Compared to August, prices fell by 0.4%. A large contribution to the decline in the CPI came from food prices, which fell for the fourth consecutive month on a month-on-month basis (0.4%). Energy prices also decreased (-0.7% month-on-month), helped by the increase in the energy consumption limit at which the price is frozen at the 2022 level. September also brought a sharp drop in gasoline prices and diesel (-3.1% Mom).
The drop in core inflation (excluding food and energy prices) was also substantial: from 10% year-on-year in August to 8.5% year-on-year in September. On a monthly basis, prices remained stable.
The fall in inflation is a positive sign and will support a recovery in consumption. Downward pressure on food prices continues. Part of the disinflation, especially with respect to energy and domestic fuels, was due to regulatory measures and intervention by the government and public entities.
The most dynamic period of disinflation is now behind us. By the end of 2023, we expect inflation to fall to around 7% year-on-year, and from mid-2024 onwards, it will stabilize around 5-6% year-on-year, remaining clearly above the NBP target. Furthermore, falling interest rates, rising oil prices and the weakening zloty are setting the stage for a weaker period of disinflation in 2025.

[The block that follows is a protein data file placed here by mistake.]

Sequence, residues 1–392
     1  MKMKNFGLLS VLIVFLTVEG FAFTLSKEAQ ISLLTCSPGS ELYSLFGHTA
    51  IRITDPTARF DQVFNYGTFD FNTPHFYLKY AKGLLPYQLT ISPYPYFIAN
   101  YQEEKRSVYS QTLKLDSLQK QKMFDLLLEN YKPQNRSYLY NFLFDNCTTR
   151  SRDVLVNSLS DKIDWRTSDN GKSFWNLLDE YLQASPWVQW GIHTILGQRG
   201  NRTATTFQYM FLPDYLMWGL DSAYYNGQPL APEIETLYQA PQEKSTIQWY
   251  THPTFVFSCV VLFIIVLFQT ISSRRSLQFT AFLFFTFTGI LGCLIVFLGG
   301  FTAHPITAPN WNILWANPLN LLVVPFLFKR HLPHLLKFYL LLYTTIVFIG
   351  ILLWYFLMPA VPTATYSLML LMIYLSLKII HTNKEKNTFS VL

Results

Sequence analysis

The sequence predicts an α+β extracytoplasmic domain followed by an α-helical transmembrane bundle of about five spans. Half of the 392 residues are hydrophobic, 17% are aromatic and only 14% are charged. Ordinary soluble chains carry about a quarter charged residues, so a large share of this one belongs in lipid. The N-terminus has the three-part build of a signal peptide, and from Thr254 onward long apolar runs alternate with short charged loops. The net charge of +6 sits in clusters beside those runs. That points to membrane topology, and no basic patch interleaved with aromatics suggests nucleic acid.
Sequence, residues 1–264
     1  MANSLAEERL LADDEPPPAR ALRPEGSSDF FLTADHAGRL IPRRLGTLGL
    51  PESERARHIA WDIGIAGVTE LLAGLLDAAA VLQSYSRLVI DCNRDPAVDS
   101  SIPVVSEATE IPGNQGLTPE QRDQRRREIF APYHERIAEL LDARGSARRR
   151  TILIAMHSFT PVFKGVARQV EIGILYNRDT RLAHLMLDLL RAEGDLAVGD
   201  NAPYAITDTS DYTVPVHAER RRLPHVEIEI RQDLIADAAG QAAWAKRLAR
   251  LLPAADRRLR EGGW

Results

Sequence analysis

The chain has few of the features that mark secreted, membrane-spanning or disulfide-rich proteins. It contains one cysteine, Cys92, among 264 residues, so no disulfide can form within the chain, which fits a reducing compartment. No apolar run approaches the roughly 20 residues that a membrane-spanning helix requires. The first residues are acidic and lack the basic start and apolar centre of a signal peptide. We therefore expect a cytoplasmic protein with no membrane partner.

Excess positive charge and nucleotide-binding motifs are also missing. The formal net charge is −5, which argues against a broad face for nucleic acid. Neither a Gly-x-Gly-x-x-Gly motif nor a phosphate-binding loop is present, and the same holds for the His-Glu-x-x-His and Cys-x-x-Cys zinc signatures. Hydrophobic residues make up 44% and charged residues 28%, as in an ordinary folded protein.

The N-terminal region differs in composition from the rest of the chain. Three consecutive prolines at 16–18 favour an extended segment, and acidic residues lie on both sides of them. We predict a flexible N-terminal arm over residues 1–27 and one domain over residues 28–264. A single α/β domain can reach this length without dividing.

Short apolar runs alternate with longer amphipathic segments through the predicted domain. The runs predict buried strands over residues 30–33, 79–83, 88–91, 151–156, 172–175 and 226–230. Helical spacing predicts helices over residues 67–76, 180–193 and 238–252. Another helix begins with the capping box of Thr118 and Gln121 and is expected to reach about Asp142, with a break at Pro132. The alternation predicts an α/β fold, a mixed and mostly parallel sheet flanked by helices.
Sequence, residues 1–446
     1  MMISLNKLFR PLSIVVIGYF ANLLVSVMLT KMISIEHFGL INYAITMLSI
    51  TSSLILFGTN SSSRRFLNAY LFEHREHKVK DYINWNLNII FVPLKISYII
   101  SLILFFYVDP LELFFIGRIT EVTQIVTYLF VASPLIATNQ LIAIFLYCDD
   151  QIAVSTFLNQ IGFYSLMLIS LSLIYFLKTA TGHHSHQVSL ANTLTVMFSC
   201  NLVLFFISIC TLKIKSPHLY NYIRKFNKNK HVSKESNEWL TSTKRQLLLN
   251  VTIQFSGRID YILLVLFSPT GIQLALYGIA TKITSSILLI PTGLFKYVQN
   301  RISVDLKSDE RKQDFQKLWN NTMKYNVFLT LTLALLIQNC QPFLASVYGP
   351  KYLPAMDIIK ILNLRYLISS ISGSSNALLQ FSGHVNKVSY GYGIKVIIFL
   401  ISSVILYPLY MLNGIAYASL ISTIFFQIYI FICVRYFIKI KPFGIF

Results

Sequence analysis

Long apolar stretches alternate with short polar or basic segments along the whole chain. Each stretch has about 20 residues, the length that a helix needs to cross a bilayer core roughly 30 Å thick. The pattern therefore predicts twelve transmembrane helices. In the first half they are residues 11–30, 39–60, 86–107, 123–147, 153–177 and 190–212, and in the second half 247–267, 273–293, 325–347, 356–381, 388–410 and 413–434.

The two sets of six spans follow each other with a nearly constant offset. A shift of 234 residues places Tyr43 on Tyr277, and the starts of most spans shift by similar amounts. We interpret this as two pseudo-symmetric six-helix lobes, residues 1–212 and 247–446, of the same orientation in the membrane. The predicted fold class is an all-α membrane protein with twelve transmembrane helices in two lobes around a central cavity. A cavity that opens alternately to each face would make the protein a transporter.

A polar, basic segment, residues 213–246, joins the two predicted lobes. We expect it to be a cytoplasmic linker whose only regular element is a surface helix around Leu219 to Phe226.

We expect the MPC to cut interest rates by 25 basis points to 5.75% next week in response to disinflation. At the end of 2023, the reference rate should fall to 5.50%. With the CPI stabilizing around 5-6%, the scope for further rate cuts in 2024 is limited.
We are concerned that the market can resist the NBP’s excessive disinflationary optimism with a weaker zloty, as the disinflation process in Poland seems unsustainable compared to other countries:
- The fall in core inflation continues to be much slower than in the rest of the region and the combination of domestic policies is hardly helping to reduce it.
- In the Czech Republic, the inflation target should be reached in the first quarter, while in Poland, the BNP forecasts a CPI of around 3.5% in the second half of 2025 and, in our opinion, this will happen much later .
- The NBP has adjusted its ultra-loose stance, but still steers clear of cautious Hungary (aiming for positive real rates) and the Czech Republic (delaying a first rate cut despite better inflation prospects).
- The NBP wants to cut rates even though the Federal Reserve and the European Central Bank have finally convinced markets that high rates will stay in place for longer.
We believe that the NBP president’s rhetoric next week will be very important for the zloty. Placing too much emphasis on single-digit inflation could raise concerns that the NBP will again adopt a very loose stance, misaligned with the inflation outlook and the region’s central banks, as well as the Federal Reserve and the ECB. This may result in new pressure on the zloty.